P12 is a new private university that just started to add applied science & arts to its curriculum offer, including the Institute of Architecture & Planning established in 2017. Its survival strategy is to become competitive on the tough HE market, most of all through innovative contents & learning environments, as well as institutionalised links to the labour market. P12 needs a major capacity input to develop & update 34ECTS of LLL, BSc, MSs & PhD subjects within 5 URGENT topics, set-up e-learning system and link to employers. This will require retraining of 10 staff, and teaching & networking equipment.

P13 is a classical university striving to maintain its visibility in southern IN and extend it to the national level; it will develop or update 23 ECTS of its MSc programs in Ecology and in Environmental Sciences within 4 URGENT topics, launch e-learning system and link to stakeholders concerned with the quality of urban environments; 7 staff need to re-trained, and research training & networking equipment installed.

P14 is the leading in Kashmir centre of excellence in agriculture & forestry. Due to its peripheral location, it is struggling to maintain high quality student body, and therefore needs to excel in innovation and relevance to the state and broader labour markets; its BSc, MSc & PhD programs in forestry will receive 15ECTS of innovative GBI-related contents, e-learning will be launched and links to employers set up; 9 staff need to re-trained, and research training & networking equipment installed.

MONGOLIA’s capital, Ulaanbaatar, concentrated 47.2% of the country’s population in 2019, and grew by 4% annually since 2001, as nomad population was forced to move in, mostly by catastrophic cold spells and droughts. The city was not prepared for rapid growth neither in term of physical nor governance infrastructure, and the outcomes are poor access to utilities, extreme levels of air pollution & aquifer contamination. Mongolia Sustainable Development Vision 2030 (State Great Hural, Res.19/5.02.2016) puts development of healthy and climate resilient capital area, as well as converting of other MN cities to attractive and comfortable habitats (in order to halt mass migration to Ulaanbaatar) among key priorities, and tasks HEIs with creating relevant national expertise and feeding current & foreseeable labour market demands. To discuss these demands as regards the development of GBI for healthy & climate-smart cities, possible responses & missing capacities at HEIs, the URGENT initiative group arranged workshops in Khovd & Ulaanbaatar in September 2019. Stakeholders agreed with high urgency of all the URGENT cross-cutting themes (except the coastal one suggested by IN colleagues), agreed their MN-specific contents (consistent with IN suggestions). Structurally, the situation at the MN labour market is similar to IN: while the inflow of graduates is sufficient to meet current demands, the emerging competencies need to be significantly enhanced, in particular where cross-disciplinary aspects are involved, and the solutions & support actions are deemed the same. This cannot be achieved through the subsidies of the state and own income, which are too low & irregular to create any significant capacity.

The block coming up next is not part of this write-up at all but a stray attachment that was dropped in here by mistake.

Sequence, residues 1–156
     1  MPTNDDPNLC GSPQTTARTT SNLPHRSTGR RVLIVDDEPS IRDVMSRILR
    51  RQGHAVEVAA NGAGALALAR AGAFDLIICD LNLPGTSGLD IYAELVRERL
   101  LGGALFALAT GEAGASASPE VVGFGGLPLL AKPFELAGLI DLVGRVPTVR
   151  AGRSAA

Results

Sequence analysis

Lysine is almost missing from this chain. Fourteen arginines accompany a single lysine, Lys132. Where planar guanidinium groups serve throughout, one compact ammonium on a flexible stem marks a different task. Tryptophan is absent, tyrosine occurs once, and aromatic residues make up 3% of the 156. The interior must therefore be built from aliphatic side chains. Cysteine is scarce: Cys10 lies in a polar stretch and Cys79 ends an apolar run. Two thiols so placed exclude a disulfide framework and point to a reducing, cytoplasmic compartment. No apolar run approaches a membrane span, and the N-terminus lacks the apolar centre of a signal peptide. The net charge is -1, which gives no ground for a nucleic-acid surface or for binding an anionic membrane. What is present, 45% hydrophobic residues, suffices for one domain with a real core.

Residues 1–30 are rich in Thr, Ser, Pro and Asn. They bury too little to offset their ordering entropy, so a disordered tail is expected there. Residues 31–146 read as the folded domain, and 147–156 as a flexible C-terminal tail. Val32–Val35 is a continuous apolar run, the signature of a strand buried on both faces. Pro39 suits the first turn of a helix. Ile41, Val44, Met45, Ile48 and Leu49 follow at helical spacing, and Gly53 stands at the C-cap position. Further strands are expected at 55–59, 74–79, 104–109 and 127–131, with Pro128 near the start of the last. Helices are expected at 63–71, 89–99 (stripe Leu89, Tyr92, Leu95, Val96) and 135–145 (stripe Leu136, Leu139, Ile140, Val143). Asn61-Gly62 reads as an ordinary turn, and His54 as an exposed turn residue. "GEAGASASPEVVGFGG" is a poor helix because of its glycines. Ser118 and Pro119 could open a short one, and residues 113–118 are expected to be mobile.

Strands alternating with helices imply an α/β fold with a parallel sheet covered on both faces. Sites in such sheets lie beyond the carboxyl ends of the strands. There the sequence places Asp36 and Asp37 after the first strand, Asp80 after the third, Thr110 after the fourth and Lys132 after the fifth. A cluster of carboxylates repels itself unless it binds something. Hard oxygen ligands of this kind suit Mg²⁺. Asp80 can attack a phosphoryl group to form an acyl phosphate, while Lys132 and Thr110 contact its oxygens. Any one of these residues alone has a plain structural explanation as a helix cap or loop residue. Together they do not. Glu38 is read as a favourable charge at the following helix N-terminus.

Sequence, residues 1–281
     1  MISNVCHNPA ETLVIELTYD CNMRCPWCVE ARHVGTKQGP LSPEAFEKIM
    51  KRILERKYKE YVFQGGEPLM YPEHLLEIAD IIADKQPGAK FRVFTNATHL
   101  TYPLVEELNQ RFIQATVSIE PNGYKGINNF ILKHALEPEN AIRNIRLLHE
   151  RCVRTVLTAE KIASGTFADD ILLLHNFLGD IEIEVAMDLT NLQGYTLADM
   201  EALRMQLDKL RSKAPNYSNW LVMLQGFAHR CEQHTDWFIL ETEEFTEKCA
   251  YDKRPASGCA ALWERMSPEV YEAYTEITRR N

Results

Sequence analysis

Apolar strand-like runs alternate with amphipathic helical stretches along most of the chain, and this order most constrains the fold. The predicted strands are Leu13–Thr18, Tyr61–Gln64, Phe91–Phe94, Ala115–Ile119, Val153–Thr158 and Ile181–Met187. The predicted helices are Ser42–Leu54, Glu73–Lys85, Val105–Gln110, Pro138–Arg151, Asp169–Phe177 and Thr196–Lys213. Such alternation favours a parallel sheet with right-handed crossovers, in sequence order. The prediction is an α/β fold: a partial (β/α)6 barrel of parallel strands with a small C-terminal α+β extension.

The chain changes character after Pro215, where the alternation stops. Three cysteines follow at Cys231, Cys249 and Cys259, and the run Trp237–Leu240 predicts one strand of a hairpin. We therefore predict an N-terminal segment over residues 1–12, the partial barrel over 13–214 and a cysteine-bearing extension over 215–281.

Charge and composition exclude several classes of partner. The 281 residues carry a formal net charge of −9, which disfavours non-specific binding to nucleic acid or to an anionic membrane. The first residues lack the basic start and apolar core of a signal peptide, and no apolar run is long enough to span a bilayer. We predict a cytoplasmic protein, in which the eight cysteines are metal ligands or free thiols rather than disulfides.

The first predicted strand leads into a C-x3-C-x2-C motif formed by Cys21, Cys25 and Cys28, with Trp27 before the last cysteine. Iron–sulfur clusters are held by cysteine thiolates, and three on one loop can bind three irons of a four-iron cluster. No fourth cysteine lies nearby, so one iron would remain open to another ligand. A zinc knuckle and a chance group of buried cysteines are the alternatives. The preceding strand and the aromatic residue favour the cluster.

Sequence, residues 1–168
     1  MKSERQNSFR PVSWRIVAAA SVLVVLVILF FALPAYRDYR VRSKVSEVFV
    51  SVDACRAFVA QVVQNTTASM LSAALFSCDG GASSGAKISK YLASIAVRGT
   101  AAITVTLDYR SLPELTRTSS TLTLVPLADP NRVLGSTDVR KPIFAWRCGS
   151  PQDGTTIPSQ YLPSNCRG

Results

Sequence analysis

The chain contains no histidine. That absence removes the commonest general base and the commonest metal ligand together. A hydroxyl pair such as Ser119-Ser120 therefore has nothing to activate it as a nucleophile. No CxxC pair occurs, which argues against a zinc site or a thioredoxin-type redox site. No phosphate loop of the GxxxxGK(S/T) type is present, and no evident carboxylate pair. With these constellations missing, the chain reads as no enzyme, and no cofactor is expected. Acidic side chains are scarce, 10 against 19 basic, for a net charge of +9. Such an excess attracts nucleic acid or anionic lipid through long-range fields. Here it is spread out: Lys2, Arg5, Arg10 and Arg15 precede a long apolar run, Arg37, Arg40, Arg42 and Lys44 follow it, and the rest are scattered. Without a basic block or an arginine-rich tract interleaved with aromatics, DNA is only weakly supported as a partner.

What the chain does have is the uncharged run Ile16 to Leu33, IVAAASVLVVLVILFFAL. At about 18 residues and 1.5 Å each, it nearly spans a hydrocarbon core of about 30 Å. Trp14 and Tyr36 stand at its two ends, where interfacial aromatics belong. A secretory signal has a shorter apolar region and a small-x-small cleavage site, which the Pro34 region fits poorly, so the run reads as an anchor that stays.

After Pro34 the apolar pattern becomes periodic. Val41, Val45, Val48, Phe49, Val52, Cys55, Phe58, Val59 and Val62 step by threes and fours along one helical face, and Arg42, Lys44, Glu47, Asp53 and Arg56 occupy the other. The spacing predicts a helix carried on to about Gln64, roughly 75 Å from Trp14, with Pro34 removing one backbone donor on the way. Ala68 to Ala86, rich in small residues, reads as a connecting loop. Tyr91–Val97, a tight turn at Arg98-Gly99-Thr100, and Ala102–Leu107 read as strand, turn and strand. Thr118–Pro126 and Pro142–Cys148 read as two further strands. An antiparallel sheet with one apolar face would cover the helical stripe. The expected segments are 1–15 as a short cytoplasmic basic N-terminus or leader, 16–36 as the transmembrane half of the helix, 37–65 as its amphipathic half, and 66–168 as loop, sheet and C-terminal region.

P5 has the national status and is tasked with the mission of being a centre of excellence in any research or praxis field prioritised by the government or foreseen as an important one by the society. In addition, government wants P5 to become an important player in a broader region and to develop cutting edge learning environments. URGENT supports this with 15 ECTS updated within 5 URGENT themes, equipment needed to enhance learning, and 10 of staff to (re-)train.

P6 is a classical university in western MN; not being a “national” university, it is seriously underfunded and need external support to develop its focus on nomadic resilience (including urban) and retain talents in the region; under URGENT it will update its B/MSc programs in Ecology, Geography, Land Management with 12 ECTS of GBI&NBS-related disciplines and enhance its e-learning; this requires 8 staff to (re-train) and equipment upgrade.

P7 is the MN only HEI focusing on forestry & agriculture; while its niche is to furnish environmental knowledge to the graduates directly taken up by the sector, it struggles to develop teaching and research profiles in GBI&NBS, as this, although increasingly demanded, was not within the sectoral mainstream. URGENT is essential in updating P7’s BSc & MSc landscape architecture programs with 26 ECTS adhering to 4 URGENT themes; this will require (re-) training of 6 staff and research training equipment upgrade.